Reason: No matter what the intention of the page-creator was…it ended up creating very "bad and disgusting" images of Mohammad. Freedom of speech..and freedom of expression does not mean that people have the right to hurt others' feelings.

    I guess..it people had responded in good conscious..then they might have drawn good pictures (with some humor ofcourse). But drawing obscene pictures for a sacred leader (prophet/God) and then saying that its the freedom of speech/expression"….well…go n f*** yourself. Its plain disgusting.

  • I agree that there should be freedom of expression. This freedom should be limited to express one's ideas in one's own religion. If the expression of your ideas will hurt the religious sentiments of other people one should be responsible enough not to express such ideas. Everybody should respect other people's religious sentiments. A person's freedom of expression should not be used to hurt fellow being's religious beliefs. Whereever there is a right, there is also a duty attached to it. The advocates of right forget that they have a duty too attached to the right.

  • john

    You miss the whole point. The right to criticize religion is just as important as the right to practice it. If someone does not like a particular facebook page they can simply not view it! They have that right. The right they do not have is to use the coercive power of the State to prevent SOMEONE ELSE from doing so.

    I can see your point in a lot of ways and that of others who criticize the cartoonists. What I flatly reject is the common argument that they are "RACISTS" or are acting as instruments of "western colonialism" etc. etc…they are not; they are acting on principle, a very important and UNIVERSAL one.

    Those most oppressed by Islamofascism are populations of Muslim countries themselves. If you think that is just a bunch of "Islamophobia" look at what happend to the people in Tehran after that falsified election. Beaten, murdered and sentenced to death in the name of Islam.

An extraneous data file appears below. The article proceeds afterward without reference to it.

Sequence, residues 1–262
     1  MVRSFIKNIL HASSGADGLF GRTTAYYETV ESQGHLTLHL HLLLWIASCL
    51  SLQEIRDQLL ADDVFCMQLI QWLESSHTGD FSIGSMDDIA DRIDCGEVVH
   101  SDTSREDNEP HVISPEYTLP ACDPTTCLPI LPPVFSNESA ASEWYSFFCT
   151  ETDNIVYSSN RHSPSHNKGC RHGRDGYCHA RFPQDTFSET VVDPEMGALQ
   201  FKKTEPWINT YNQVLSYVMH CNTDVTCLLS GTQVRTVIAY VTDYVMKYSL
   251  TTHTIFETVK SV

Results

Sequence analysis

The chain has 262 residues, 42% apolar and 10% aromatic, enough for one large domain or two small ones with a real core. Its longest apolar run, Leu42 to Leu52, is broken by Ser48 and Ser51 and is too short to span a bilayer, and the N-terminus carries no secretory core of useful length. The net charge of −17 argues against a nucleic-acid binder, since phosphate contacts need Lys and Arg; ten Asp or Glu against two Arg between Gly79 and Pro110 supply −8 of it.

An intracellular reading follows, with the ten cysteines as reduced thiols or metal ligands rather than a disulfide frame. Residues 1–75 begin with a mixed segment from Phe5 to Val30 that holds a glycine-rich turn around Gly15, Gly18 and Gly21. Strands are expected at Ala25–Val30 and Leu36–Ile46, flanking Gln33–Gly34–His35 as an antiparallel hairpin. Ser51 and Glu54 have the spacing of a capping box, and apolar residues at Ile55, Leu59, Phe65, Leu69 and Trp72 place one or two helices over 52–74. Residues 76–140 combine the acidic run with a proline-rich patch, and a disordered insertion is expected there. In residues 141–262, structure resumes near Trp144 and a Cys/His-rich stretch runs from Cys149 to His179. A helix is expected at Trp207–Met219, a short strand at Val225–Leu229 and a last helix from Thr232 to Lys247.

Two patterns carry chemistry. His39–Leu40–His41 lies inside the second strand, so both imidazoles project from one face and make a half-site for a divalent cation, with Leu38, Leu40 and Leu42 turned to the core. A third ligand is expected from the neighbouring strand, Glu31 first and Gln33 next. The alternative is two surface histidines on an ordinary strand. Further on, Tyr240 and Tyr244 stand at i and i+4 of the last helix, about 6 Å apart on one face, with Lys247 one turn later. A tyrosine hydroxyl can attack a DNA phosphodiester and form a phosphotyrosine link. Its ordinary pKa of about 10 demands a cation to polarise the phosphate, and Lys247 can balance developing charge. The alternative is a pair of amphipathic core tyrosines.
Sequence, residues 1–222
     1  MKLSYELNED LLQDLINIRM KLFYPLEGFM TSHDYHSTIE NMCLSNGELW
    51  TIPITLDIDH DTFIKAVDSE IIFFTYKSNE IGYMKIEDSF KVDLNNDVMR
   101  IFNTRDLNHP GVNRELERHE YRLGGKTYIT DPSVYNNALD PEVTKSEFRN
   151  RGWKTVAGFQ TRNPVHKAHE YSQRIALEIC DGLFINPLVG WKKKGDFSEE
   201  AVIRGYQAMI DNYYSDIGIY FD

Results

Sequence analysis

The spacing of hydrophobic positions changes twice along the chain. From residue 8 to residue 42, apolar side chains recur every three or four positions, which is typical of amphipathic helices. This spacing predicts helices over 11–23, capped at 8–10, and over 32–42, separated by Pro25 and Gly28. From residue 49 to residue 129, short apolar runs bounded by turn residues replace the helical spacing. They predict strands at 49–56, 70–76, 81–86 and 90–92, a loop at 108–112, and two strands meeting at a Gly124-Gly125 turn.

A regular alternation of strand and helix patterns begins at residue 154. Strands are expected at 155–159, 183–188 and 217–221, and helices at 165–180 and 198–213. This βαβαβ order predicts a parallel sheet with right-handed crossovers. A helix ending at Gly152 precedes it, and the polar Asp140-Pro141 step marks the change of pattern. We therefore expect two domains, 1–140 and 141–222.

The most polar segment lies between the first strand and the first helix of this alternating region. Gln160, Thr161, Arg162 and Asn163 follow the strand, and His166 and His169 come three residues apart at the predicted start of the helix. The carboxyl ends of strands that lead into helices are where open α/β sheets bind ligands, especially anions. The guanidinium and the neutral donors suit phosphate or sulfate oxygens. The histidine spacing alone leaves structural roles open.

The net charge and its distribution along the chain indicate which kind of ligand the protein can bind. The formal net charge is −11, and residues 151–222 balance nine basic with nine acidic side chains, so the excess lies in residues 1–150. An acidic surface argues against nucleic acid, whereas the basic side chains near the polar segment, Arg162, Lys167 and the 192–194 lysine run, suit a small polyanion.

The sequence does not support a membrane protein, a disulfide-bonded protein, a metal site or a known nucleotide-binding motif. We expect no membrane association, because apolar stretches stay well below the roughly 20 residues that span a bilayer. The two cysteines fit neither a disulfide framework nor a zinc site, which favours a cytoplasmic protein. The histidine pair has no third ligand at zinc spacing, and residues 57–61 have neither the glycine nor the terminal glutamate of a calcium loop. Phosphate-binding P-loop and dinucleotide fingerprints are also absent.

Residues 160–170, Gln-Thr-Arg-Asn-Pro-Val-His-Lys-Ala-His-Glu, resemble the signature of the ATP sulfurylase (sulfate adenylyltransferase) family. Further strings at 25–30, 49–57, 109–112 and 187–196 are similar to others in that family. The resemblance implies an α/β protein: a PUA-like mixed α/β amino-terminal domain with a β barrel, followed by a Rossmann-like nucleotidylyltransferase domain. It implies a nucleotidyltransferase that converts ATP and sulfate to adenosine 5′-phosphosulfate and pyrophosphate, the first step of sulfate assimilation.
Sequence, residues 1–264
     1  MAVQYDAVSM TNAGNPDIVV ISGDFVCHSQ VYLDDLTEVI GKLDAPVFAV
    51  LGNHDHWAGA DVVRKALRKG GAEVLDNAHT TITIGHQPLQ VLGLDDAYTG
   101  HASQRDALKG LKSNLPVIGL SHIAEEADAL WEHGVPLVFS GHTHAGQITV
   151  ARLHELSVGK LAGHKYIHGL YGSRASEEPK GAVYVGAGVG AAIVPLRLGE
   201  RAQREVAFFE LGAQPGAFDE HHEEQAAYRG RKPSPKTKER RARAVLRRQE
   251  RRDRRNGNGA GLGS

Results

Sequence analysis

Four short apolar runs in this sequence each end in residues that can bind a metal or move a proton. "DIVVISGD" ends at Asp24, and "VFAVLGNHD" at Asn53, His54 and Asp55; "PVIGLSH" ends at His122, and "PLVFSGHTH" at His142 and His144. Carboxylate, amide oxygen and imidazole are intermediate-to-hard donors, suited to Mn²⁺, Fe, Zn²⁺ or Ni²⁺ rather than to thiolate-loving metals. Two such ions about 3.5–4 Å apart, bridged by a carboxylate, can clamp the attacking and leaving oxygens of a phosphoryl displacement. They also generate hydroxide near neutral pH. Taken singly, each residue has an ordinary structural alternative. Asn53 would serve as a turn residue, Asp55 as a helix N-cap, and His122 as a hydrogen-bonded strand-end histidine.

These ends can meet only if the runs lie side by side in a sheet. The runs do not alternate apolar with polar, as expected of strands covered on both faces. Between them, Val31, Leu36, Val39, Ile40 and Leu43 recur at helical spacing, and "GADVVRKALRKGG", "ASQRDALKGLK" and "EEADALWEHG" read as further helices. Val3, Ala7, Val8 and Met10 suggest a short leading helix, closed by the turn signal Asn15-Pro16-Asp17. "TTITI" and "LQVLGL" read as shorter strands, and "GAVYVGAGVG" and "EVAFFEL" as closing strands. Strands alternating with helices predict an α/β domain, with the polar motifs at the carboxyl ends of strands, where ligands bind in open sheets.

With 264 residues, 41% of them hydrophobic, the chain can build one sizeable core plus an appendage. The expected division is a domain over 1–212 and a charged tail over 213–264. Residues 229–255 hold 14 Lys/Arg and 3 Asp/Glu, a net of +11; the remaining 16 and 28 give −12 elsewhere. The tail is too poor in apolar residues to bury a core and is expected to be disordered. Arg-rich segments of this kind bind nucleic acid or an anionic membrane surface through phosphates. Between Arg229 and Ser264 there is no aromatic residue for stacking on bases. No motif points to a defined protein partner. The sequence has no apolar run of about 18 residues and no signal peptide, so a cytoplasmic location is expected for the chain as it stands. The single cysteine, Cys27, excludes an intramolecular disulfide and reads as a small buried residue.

Here click this link. It is an inteview with Salman Rushdie…a great thinker who is neiter a racist nor a "sell-out to the West" but rather someone who understands what freedom is and how precious it is for EVERYONE on this earth


    • john abegail

      your use of the world islamofascism and citing from of all people salman rushdie simply points out one thing, that you even don't profess the "universal" principle you gloated about — to have an open mind. you have used the world islamofascism coined by a right-wing zionist movement allied with televangelist christian fundamentalism, who are politically allied with secularists such as salman rushdie when it comes to vilifying a certain political ideology that is antithetical to everything they hold sacred– neoliberal capitalism and war on terror.

      if you want to find about what's wrong with the universal principles of tolerance and freedom of expression, look back upon a 100 years and tell me which culture, race or religion or civilization is responsible for the most havoc in terms of human lives, liberty and freedom? or are you going to tell me some ayatollah had for some reason been resonsible for the millions of deaths and starvation of WWI, WWII and Hiroshima ?